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as seen on phillyBurbs.com

Rip 'em a new one
An inexpensive DVD ripper can save you money, not time.

On the back of the CD, in tiny letters was this warning, "*This program is not intended for the purpose of making illegal copies. Consult your local laws."

I can't believe I found a DVD ripper at Wal Mart in Levittown this week. The single disc program cost less than seven dollars - heck, that's less than the five pack of underwear I put it next to in my shopping cart.

The disc was for sale two aisles away from where the store was selling DVDs for more than $20 and music CDs for about $15.

On the front cover of the software in big letters were the words "Replicate DVD Movies Without a DVD Recorder!" On the back, in tiny letters was this warning, "*This program is not intended for the purpose of making illegal copies. Consult your local laws."

Yeah, right.

This has to be the worst nightmare of the Motion Picture Association of America (MPAA) and the Recording Industry Association of America (RIAA).

Both groups are spending millions lobbying Congress. Millions more trying to bully Americans with lawsuits. And millions more on top of that on hookey advertising featuring famous millionaire actors and singers.

All in an effort to convince us that pirating copyrighted material is wrong and costing their industries jobs.

Their effort is doomed to fail, but not without a few costly victories.

For instance, the FCC agreed this week that future HDTV signals can carry special electonic flags to block people from digitally recording broadcasts.

The FCC never said how this is any different from shoving a tape into your VCR and taping "The Simpsons," "The West Wing" or "CSI" now.

The technology may have changed. The images sharper and sound cleaner.  But it's the same thing. Who owns those airwaves anyway?

Meanwhile, Napster - the Internet service that started peer-to-peer networking - returned in a new pay-for-download format last week. But at .99 cents per song - $9.95 per album - you'd be spending the same amount of money to download music as you would to buy a CD in a store.

When are these industries going to wake up and realize that just as technology has cut their cost for producing and distributing movies and music, they should be passing those savings along.

Rampant piracy of music and movies is an indication that the market will no longer bear the prices that record companies and movie studios feeling like overcharging consumers. They have simply become victims of their own greed.

Ever since the days when you could hook up a tape recorder into your stereo system, people have been copying music and giving it to their friends. The tools have changed, but the purpose of the piracy remains the same.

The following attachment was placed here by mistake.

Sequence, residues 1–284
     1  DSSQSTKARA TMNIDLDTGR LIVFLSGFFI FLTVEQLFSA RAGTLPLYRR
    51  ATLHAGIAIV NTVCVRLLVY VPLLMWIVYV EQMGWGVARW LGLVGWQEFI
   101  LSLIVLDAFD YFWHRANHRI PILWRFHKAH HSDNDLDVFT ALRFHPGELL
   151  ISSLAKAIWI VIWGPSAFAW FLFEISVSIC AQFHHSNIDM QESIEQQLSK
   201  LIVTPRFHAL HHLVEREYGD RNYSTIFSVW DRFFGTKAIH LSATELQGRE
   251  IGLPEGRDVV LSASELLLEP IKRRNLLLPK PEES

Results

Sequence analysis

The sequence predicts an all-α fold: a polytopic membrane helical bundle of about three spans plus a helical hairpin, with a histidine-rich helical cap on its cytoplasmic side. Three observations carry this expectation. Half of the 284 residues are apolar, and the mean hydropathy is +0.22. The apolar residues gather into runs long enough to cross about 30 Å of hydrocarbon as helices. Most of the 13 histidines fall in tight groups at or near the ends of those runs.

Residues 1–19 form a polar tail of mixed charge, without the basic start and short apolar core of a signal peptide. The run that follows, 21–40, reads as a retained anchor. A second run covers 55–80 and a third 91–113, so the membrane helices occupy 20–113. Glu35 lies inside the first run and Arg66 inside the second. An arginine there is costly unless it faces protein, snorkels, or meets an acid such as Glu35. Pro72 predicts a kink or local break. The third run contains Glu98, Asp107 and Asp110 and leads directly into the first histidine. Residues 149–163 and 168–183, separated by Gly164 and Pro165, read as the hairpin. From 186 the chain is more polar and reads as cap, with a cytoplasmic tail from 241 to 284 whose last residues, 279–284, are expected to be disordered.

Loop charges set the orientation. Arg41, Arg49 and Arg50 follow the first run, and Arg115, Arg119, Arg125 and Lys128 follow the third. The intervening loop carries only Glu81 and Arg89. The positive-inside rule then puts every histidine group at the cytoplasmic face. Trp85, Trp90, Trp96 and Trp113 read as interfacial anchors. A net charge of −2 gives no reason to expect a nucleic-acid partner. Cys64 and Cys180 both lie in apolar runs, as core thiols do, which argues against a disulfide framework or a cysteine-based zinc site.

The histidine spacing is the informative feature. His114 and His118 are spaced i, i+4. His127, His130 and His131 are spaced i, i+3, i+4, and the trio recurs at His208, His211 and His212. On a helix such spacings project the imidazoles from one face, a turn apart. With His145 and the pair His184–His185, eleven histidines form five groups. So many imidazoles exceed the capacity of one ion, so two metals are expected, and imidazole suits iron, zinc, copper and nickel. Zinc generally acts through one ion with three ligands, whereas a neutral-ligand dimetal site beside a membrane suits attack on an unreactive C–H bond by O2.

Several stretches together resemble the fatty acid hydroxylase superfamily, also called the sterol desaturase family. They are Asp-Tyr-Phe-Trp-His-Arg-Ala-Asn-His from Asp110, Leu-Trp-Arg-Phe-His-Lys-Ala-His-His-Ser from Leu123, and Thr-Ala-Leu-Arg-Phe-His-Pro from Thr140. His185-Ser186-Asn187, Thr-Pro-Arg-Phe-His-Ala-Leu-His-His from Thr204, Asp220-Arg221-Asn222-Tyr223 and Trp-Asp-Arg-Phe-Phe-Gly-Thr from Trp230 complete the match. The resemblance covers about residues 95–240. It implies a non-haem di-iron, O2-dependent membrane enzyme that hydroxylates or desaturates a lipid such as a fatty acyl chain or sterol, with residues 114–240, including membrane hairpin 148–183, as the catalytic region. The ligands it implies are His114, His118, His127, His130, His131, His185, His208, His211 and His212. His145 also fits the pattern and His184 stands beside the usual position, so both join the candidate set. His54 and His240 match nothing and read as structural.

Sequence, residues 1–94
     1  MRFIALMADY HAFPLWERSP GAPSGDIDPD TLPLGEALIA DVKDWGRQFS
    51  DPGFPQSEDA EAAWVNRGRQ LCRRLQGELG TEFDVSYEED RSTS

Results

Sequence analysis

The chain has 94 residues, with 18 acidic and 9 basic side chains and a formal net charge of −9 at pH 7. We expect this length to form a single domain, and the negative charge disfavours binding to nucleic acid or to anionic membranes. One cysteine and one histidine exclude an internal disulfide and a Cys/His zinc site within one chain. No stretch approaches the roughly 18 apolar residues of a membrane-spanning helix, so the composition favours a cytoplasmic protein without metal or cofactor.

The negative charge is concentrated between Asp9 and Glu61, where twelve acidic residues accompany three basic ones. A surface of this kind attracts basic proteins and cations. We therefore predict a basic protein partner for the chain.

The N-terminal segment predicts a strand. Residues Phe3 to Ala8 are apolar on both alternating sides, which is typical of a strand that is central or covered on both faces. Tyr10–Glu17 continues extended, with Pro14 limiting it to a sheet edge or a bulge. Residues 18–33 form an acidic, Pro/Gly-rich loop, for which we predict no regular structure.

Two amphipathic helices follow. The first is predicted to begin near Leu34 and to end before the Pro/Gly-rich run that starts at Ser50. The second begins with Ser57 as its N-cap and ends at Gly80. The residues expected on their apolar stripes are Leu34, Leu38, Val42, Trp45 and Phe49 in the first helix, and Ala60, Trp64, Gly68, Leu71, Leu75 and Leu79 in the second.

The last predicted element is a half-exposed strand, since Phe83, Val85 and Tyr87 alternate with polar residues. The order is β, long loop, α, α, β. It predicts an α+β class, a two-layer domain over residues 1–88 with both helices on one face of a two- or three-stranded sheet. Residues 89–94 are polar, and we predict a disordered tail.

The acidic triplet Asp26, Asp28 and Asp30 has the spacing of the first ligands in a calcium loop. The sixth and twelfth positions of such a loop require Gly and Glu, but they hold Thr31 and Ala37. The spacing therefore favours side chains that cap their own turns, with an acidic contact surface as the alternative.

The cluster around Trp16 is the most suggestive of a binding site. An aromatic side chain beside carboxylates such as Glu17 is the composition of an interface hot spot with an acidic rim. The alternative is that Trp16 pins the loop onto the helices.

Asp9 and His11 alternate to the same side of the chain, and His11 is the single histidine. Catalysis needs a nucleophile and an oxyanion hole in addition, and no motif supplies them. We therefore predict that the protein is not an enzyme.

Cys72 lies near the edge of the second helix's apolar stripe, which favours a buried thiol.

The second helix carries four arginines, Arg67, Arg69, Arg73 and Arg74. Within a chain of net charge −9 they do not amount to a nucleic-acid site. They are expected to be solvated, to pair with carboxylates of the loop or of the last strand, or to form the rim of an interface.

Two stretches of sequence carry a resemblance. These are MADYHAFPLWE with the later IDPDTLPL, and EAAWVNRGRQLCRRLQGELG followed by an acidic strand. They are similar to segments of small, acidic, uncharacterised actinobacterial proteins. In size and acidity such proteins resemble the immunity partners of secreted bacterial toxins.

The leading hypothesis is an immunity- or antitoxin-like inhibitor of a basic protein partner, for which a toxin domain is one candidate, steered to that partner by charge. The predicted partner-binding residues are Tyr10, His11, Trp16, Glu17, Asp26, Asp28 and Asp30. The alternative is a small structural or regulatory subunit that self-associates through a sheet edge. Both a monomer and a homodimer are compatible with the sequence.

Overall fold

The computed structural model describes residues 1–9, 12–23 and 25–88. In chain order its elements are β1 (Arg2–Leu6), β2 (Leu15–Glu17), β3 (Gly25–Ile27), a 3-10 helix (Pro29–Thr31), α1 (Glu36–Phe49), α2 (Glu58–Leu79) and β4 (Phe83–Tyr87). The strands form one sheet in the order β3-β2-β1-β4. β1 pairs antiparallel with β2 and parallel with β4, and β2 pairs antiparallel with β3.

As for the program I purchased - Swift Jewel's DVD Ripper - I recommend it with a bit of caution. Installation was a snap and the interface is quite easy to master, but the program itself is a bit buggy.

The first movie I tried to rip was "Clerks," which marks the directorial debut of Red Bank, N.J.'s Kevin Smith. (Smith himself is shilling for Panasonic's new DVD recorder in TV ads.)

It took the program about three hours to copy the movie to my hard drive. But instead of splitting the movie into two sections of less than 700 mb each (so they could fit onto two CD=Rs), one file was 800 mb and the other 130 mbs. It also didn't record them to the blank CDs I put in the burner.

It could have been the 50 other programs I was running at the same time or a programming bug. So I made a few changes in what I wanted and tried again.

I set it up before I went to work on Friday and by the time I got home, I had a complete copy of the movie ripped to my hard drive and converted from its native format to mpeg (for more details on this process, go to DVDRhelp.com.).

I have other programs on my drive that let me cut the mpeg movie (BoilSoft's AVI and MPEG splitter) into smaller segments and burn them onto VCDs (ULEAD's DVD MovieFactory 2) complete with interactive menus.

All told, with a little dedication, it took me about four hours to make a pretty good copy of the movie I already owned. Even if I was making just minimum wage ($5.15 per hour) I could have bought the DVD for the time it cost me.

Which is entirely my point.

If the record and movie industries want to end piracy, they should drop their prices instead of hiring lawyers.

Dave Ralis' Pave The Grass column appears on Mondays. You can send him an e-mail at  or call him at 215-269-5051. To read his previous columns, click here.

Nov. 10, 2003